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These are the most endangered species in the world

A bivouac is lightly perched on a rocky peak of the Italian Alps

January 14, 2019 by  
Filed under Eco, Green

Designed by Italian architects Roberto Dini and Stefano Girodo , the Luca Pasqualetti Bivouac is a prefab mountain shelter that was airlifted to the very peak of the incredibly remote Morion ridge in Valpelline at an altitude of 3290 meters. The tiny bivouac  was built with sustainable and recyclable materials and designed to cause minimal impact to the stunning landscape. The tiny shelter was the brainchild of a group of local alpine guides called Espri Sarvadzo (“Wild Spirit”). Their objective was to attract more adventurous hikers and climbers to the Morion ridge of Valpelline, which, due to its remote location, is often overlooked. The team worked with the parents of Luca Pasqualettie to dedicate the bivouac to their son who passed away in the same area. Related: Tiny alpine hut is a cozy refuge in the harsh yet spectacular Slovenian Alps The rough location and extreme climate (temperatures reach -20°C and winds up to 200 km/h) in the area meant that the shelter had to be incredibly durable and resilient to wind and snow loads. The rugged terrain made building on the site impossible, so complicating the issue further was the fact that the structure had to be lightweight enough to be transported by helicopter to its destination. To bring the project to fruition, the architects designed and built a prefab structure. All of the building’s components, which were chosen for their durability and low-maintenance properties, are also recyclable and ecologically certified. As for the design itself, the shelter is a simple hut with a large pitched roof made out of two composite sandwich panels, wood and steel and can be split into four parts for easy transport. In addition to being sustainable, the design also called for a building that would cause minimal impact on the landscape. As such, the shelter was installed on non-permanent foundations that were anchored into the rock. This will enable the building to be dismounted at the end of its lifecycle without leaving a permanent trace. The interior of the tiny shelter is a minimalist space, optimized to live comfortably in a compact area. A large panoramic window on the main facade was oriented to face the east to take advantage of natural light and heat as well as to provide stunning views. A small solar panel provides additional lighting. As for furnishings, the interior houses a dining table and eight stools, as well as chests for additional seating and storage. There is also a sideboard that folds down for food preparation and various compartments for equipment. At the rear of the shelter ‘s living space is the sleeping area, which is made up of two wooden platforms with mattresses and blankets. + Roberto Dini + Stefano Girodo Via Archdaily Photography by Roberto Dini, Stefano Girodo, Adele Muscolino and Grzegorz Grodzicki via Bivacco Morion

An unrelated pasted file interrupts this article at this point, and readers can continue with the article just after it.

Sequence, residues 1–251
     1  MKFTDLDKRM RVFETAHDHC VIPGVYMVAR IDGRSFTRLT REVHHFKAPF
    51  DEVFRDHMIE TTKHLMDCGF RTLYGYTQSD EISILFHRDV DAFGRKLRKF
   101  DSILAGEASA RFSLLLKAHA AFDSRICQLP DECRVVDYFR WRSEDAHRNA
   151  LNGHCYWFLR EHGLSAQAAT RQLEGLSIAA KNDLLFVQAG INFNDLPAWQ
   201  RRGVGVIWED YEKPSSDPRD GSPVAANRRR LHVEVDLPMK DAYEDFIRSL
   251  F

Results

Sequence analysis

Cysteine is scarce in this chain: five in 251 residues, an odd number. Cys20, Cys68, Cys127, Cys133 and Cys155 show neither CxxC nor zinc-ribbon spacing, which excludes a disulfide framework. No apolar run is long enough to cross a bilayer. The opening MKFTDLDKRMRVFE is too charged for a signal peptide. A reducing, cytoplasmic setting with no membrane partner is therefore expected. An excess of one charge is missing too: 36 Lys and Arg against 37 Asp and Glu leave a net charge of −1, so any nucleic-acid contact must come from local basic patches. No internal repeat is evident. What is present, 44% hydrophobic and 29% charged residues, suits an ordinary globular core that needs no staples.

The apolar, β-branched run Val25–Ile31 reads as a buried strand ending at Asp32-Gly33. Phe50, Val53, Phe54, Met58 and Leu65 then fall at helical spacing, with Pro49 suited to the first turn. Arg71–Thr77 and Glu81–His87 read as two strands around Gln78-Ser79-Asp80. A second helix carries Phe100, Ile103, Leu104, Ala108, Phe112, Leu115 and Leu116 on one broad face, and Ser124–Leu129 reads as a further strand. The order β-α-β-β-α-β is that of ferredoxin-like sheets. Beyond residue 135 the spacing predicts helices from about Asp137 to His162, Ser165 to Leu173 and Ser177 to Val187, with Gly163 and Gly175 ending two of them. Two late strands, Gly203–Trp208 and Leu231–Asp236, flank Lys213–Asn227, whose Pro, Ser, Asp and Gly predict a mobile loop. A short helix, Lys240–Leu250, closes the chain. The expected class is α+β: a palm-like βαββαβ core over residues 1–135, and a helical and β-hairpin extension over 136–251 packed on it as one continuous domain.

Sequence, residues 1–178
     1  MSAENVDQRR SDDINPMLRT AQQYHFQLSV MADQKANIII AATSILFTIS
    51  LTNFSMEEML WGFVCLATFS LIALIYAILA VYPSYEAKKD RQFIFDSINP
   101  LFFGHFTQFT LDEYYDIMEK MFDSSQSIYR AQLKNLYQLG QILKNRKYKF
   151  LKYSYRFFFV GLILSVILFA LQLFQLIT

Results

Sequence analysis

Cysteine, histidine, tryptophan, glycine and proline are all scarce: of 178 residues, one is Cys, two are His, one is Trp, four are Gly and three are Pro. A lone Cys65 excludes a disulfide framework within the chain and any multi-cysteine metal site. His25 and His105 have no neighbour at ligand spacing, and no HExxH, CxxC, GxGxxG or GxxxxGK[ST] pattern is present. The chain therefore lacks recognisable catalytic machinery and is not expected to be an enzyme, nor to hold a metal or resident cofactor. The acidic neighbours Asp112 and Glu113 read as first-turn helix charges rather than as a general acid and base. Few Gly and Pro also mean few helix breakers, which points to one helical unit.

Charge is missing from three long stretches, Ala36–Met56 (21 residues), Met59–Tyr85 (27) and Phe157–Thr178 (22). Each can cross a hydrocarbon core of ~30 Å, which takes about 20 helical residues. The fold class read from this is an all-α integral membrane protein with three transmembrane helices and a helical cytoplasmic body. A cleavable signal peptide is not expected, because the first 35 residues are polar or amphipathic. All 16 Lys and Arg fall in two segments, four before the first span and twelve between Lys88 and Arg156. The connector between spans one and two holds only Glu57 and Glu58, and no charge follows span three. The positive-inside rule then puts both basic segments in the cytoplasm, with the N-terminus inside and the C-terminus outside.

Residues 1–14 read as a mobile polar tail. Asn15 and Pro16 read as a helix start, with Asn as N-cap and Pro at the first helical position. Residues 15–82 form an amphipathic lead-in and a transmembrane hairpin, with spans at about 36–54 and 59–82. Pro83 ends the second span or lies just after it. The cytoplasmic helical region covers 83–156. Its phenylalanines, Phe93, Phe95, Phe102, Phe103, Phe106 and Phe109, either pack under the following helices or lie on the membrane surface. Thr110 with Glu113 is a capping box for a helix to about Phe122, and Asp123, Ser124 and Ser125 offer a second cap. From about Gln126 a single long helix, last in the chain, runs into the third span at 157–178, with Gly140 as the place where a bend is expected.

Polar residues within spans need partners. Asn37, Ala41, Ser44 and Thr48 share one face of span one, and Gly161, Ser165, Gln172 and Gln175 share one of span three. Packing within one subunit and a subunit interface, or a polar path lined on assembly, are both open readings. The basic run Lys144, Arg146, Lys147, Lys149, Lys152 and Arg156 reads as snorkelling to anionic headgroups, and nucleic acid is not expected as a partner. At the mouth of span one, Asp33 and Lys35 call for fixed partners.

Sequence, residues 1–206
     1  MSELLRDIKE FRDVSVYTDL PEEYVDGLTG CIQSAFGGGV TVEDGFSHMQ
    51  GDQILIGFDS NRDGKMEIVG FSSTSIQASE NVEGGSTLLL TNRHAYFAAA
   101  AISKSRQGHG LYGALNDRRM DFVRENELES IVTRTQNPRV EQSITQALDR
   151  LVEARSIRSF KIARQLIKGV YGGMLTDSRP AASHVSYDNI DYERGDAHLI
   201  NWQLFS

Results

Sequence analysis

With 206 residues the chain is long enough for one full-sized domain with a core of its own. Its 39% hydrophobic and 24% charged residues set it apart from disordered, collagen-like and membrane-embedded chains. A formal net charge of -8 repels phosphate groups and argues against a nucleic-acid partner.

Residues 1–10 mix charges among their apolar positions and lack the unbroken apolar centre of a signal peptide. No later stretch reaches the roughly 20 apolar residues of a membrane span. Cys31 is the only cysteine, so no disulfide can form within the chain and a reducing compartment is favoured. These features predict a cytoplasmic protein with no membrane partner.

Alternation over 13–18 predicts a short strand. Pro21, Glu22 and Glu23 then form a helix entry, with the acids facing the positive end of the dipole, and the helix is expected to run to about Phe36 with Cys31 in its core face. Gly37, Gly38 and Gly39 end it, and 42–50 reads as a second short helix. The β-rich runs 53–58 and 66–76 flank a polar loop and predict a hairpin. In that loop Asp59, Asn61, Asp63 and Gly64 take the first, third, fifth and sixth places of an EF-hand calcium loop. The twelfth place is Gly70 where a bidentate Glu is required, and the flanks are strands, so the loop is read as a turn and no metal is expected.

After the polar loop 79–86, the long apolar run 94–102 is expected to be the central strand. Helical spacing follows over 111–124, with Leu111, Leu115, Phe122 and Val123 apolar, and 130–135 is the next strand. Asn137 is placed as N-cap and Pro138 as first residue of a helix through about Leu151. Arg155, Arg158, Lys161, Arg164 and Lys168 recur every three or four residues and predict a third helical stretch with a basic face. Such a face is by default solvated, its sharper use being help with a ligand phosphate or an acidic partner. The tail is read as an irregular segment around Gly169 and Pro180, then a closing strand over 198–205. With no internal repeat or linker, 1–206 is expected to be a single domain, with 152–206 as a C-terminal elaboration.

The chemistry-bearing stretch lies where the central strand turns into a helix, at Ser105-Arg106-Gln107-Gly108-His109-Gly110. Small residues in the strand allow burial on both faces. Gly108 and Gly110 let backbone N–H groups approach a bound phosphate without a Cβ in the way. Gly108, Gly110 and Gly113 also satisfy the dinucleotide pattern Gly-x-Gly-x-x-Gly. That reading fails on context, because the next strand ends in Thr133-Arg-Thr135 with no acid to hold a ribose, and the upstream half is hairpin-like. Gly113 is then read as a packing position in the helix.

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A bivouac is lightly perched on a rocky peak of the Italian Alps

Californias Monarch butterfly population hits ‘potentially catastrophic’ low in 2018

January 11, 2019 by  
Filed under Eco, Green

California’s Monarch butterfly population hit a record low in 2018 after dropping a whopping 86 percent from the previous year. According to the Xerces Society for Invertebrate Conservation, the total population has declined 97 percent since the 1980s, but this latest one year drop is “potentially catastrophic.” In the western part of the United States, monarchs migrate to California for the winter, traveling from Idaho and Utah. In 2017, the traditional California coastal sites like Pismo Beach, Big Sur and Pacific Grove hosted about 148,000 monarchs, but in 2018, volunteers counted approximately 20,500. Compare that population to the 1980s, says one of the study’s researchers Cheryl Schultz, an associate professor at Washington State University Vancouver. At that time, an estimated 10 million monarchs spent their winter in California. According to experts, butterflies are incredibly significant to the state because they quickly respond to ecological changes and warn us about the health of an ecosystem . Plus, they pollinate flowers. According to biologist Emma Pelton, if nothing is done to preserve the western monarchs and their habitat, monarch butterflies could be facing extinction. They require milkweed for breeding and migration, but in recent years pesticide use and urban development have caused the acreage of milkweed to decline. Unusually harsh weather has also threatened the monarch’s existence. Between 2011 and 2017, California has experienced one of the worst droughts on record, and this has caused ecological devastation among forested towns and fishing communities because hundreds of millions of trees have died. Not to mention, the recent deadly wildfires  that have devastated the golden state. However, the declining monarch population can be reversed if citizens and governments act now. Pelton says that gardeners can plant milkweed and towns can help by planting new trees to help monarch butterfiles 20 years from now have a new place to winter. “We don’t think it is too late to act,” Pelton said. “But everyone needs to step up their effort.” Via New York Times Image via OLID56